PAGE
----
With its mix of nightclubs, mosques, luxury suites and boardrooms, the Burj is an almost-perfect representation of Dubai’s own complexities and contradictions. It will boast the world’s first Armani hotel; the world’s highest swimming pool, on the 76th floor; the highest observation deck on the 124th floor; and the highest mosque on the 158th floor.
More than 12,000 people will occupy its 6 million square feet, zooming up and down in the 54 elevators that can hit speeds of 65 kilometers, or 40 miles, an hour. It was designed by Skidmore, Owings & Merrill in Chicago.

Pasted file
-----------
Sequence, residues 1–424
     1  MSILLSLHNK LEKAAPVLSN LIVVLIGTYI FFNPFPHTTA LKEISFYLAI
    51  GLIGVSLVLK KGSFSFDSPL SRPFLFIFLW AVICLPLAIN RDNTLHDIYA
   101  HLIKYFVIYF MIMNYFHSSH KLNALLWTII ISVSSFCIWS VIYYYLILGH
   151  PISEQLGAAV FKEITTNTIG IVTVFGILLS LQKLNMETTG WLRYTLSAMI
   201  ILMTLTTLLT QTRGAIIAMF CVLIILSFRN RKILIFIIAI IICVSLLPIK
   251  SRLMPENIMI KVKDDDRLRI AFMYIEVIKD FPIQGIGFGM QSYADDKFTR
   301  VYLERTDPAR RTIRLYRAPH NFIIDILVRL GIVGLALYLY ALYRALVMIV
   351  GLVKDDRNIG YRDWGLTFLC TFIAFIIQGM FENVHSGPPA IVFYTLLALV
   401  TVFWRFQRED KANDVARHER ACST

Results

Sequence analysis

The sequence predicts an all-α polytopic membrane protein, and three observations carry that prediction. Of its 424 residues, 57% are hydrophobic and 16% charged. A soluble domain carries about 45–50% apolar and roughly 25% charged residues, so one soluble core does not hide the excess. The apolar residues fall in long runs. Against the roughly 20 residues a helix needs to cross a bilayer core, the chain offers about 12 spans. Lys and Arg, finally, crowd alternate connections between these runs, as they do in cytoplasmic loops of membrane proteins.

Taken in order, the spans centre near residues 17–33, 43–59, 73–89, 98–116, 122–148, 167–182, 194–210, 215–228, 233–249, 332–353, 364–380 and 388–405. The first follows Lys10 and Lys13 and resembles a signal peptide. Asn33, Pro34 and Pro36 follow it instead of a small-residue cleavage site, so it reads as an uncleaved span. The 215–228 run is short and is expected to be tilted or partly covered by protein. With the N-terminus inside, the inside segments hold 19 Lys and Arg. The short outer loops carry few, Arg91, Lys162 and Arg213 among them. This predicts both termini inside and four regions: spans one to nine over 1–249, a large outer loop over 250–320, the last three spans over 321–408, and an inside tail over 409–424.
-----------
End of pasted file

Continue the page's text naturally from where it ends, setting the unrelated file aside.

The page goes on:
“Dubai not only has the world’s tallest building, but has also made what looks like the most expensive naming rights deal in history,” said Jim Krane, author of City of Gold: Dubai and the Dream of Capitalism. “Renaming the Burj Dubai after Sheikh Khalifa of Abu Dhabi — if not an explicit quid pro quo — is a down-payment on Dubai’s gratitude for its neighbor’s $10 billion bailout last month.”
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